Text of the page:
April 22nd, 2014
Fashion News
On New York Magazine: Robin Givhan Declares the Golden Era of Fashion Blogging ‘Over’
By Claire

New York Magazine writer Robin Givhan wrote an interesting piece today in New York Magazine, declaring the golden age of fashion blogging ‘over.’
bryan boy hanneli bloggers-frontrow
Her hypothesis: that the ‘of the minute’ insidery views once offered by bloggers are now being dispensed by ‘true’ fashion insiders. She writes, “With everyone from powerhouse editors-in-chief to creative directors and standard-bearing critics playing the social-media game, the singular advantage that social media once offered bloggers is no longer so clear. The same intimate tone, once unique to those initial disrupters, can now be found in the Twitter feeds of print folks such as [Eva] Chen, Derek Blasberg, and Mickey Boardman. They live-blog while at shows, while zipping through airports, while touring art exhibitions, while vacationing. They un-self-consciously share from all corners of their fashion lives.”


Lucky Magazine Editor-in-Chief Eva Chen

Lucky Magazine Editor-in-Chief Eva Chen



She continues, “The distance between the Establishment and fashion’s once-dazzling revolutionaries has narrowed, and there is minimal distinction between them. Because what the fashion industry loves, it woos — then swallows whole.” Ok.
bcbg max azria blogger front row fashion bomb daily
Robin Givhan’s article centers mostly on fashion shows and their intimately exclusive nature. Newsflash: the fashion industry is not just about seats at fashion shows. It’s not all about positioning, backstage, designer interviews, and huge conglomerates. It’s about commerce and translating trends (which can all be viewed online) to the masses.

A livestream of a Burberry show

A livestream of a Burberry show



Bloggers interface with their audience in ways a traditional editor can’t, because bloggers are largely unfiltered and unedited. They’re more relatable–the friends in your head who give you the scoop. They’re on the ground uncovering what’s hot before the big guys gets their hands on them. In theory, they’re giving you something raw and genuine.
jade-olivia-e-claire-sulmers-in-her-shoes-fashion-bomb-daily
In terms of Fashion Bomb Daily, my goal has always been to offer something you can’t find on Elle, WWD, Vogue, or Harper’s Bazaar. Yes, it’s very niche, but our reach is undeniable. How many fashion sites mention the Real Housewives of Atlanta Reunion, whose show receives an average of 3.5 million viewers, cover J. Lo’s American Idol outfits–a show that gets an average of 8.4 million views per episode, but then reviews couture in the same breathe?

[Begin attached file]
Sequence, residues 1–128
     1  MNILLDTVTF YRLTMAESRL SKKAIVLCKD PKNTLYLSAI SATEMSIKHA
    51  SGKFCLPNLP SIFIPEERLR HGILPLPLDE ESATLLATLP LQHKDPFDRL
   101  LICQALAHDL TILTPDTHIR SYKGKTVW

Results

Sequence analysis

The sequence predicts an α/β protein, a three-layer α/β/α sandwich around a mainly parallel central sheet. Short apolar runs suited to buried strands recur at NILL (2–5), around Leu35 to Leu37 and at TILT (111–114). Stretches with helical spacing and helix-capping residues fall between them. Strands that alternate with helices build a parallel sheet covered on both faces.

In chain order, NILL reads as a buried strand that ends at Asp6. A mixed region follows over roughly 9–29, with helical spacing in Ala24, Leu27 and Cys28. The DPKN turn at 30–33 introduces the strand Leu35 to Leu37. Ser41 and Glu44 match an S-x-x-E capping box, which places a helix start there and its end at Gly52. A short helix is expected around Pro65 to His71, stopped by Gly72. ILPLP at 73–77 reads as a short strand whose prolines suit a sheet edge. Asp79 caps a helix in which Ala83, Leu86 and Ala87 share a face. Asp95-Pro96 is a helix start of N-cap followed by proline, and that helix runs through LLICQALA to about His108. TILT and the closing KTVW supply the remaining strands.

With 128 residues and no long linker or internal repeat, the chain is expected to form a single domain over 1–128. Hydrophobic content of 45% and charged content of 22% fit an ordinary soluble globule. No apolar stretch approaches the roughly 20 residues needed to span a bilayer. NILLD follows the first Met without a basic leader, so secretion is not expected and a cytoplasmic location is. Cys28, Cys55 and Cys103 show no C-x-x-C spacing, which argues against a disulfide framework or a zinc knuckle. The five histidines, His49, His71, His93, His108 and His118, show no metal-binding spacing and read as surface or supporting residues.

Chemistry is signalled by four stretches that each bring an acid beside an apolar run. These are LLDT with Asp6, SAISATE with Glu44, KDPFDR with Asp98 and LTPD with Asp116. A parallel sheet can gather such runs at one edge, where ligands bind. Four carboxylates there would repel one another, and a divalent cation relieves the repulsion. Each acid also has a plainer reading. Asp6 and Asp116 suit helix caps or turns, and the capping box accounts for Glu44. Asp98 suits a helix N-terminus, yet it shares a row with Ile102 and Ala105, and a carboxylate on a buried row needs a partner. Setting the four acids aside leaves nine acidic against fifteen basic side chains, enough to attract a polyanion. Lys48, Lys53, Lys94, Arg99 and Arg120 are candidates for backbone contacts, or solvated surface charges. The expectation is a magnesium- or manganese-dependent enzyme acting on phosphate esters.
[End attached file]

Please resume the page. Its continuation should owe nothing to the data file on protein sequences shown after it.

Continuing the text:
2 Phoebe Tonkins vs. Marjorie Harvey in Chanel's Spring 2014 Rainbow Printed Dress
There is still a necessity for bloggers, even if only to cater to those communities who love fashion, but might not see their interests reflected on, say, New York Magazine. Perhaps the golden era of fashion bloggers storming the shows and front rows is on the wane. But the power and influence of these digital innovators is far from over.

Of course I’m biased.
What do you think of Givhan’s article?

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12 comments

12 Responses to “On New York Magazine: Robin Givhan Declares the Golden Era of Fashion Blogging ‘Over’”

  1. Enigma says:

    I think she wants the pre-blogger era back and decided to pen this article in hopes of making people believe that fashion bloggers are out.
    There are so many facets to the fashion world that they will always be a place for fashion bloggers. If I want to know what a celebrity is wearing I’ll ask FBD first instead of a magazine in hopes of getting a response a month later. Most editors don’t provide recaps of designer shows in their magazines or on other social platforms etc.

  2. FBDFan says: